I attended the swearing-in ceremony for a new class of Bremerton cops Thursday, an event that included a list of awards for its current officers.

I’m always looking for ways to give credit where credit is due. And while newsprint space can be somewhat limited, the blogosphere provides a boundless place where we can run the full list of accolades.

Here they are, as announced by Chief Craig Rogers and Bremerton’s two captains, Tom Wolfe and James Burchett:

John Bogen, school resource officer, for “forming a strong relationship with our schools.”

Floyd May, Westpark officer, for “exemplifying community policing” in Westpark.

Dan Fatt and Donnell Rogers, both patrol officers, for aiding Seattle police in a complex assault case.

Dennis Hughes, a warrants officer, for organizing this year’s Family Violence Apprehension Detail (you can read a story I wrote about the event here).

David Hughes and Kelly Meade, for tracking down a violent offender wanted for a robbery (David is Dennis’ twin brother, by the way).

David Hughes (again), for finding nine stolen cars in the year to date (I’ve also written about his eye for ‘stolens’ here).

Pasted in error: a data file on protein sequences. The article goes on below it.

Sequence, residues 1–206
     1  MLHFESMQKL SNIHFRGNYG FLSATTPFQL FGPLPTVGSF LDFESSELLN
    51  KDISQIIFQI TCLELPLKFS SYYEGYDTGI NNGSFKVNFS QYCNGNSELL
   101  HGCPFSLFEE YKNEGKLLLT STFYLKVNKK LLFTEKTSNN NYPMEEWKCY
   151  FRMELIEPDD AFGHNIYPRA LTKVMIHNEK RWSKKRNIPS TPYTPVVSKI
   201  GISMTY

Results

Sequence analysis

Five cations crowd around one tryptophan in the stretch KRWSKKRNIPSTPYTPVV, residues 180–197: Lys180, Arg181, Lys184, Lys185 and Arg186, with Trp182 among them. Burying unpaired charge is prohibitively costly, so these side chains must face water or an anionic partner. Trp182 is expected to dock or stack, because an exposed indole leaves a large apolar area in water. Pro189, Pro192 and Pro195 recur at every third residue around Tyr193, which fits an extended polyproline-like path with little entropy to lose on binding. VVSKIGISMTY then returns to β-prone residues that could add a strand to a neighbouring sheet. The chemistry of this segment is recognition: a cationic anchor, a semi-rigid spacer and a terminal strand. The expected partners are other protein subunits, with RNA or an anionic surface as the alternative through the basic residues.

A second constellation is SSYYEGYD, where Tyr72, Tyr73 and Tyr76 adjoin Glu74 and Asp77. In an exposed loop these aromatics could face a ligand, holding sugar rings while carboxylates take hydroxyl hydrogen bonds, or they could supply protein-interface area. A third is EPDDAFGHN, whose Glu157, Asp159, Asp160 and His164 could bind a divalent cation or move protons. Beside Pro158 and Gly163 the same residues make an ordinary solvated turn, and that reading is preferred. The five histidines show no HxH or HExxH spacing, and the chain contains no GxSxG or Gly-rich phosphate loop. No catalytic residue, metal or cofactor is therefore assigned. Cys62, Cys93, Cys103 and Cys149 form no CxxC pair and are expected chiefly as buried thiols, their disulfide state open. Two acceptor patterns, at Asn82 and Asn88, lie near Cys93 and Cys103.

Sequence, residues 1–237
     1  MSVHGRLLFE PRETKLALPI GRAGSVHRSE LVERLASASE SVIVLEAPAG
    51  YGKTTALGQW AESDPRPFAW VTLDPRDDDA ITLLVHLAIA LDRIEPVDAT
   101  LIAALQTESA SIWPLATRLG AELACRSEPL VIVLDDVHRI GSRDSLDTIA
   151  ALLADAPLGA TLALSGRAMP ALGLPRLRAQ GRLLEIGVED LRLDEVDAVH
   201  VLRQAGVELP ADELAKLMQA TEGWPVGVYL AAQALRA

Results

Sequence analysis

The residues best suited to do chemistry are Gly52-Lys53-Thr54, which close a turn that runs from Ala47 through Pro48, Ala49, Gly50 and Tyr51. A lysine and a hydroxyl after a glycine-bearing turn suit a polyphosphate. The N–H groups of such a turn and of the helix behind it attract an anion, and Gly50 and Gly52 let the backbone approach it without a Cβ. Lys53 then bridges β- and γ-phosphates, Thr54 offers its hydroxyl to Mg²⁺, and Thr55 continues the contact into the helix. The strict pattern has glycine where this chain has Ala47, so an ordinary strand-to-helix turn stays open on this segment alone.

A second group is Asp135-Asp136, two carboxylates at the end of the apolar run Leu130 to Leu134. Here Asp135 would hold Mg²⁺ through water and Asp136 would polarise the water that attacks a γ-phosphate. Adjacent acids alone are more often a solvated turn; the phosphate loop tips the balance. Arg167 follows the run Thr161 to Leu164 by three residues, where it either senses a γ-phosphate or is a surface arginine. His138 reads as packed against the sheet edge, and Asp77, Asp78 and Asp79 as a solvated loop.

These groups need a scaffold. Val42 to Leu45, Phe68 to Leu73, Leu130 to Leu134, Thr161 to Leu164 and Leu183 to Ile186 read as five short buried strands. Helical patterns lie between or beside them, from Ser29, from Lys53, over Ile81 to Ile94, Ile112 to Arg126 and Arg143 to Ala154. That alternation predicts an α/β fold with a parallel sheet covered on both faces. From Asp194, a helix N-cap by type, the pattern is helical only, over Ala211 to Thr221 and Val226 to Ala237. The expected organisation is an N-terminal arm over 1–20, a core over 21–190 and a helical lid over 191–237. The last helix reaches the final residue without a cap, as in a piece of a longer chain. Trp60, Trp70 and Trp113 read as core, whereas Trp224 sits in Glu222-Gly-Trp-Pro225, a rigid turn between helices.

Aaron Elton, a detective with Bremerton’s Special Operations Group, for a large-scale marijuana bust that resulted in an arrest.

Crystal Gray and Randy Olson, a patrol officer and traffic sergeant, respectively, for “extra effort” in investigating a robbery (you can read about Sgt. Olson here, and Officer Gray, I might add, had the most arrests during the domestic violence apprehension detail).

Martin Garland, a detective with Bremerton’s Special Operations Group, for the arrest of several drug dealers.

Jason Glasgow, patrol officer, for investigating a domestic violence case so thoroughly “it required no follow-up by detectives,” and has even been reportedly used by the Kitsap County Prosecutor’s Office as a guideline for cops’ reports.

Jason Vertefeuille, a detective, for making a quick arrest of a burglary suspect who got caught in the act.

Peter Fisher, a lieutenant, for orchestrating the Amber Alert of a 3-year-old child that led to her quick recovery (read the story we wrote about it here).

Wendy Davis and Mike Davis, a sergeant and and patrol officer, respectively, for “reviewing and reconstructing,” the field training program for officers.

And Wendy Davis, sergeant, for her role in working with the media during the Amber Alert incident (and I can vouch that she was very helpful and great to work with during the incident).

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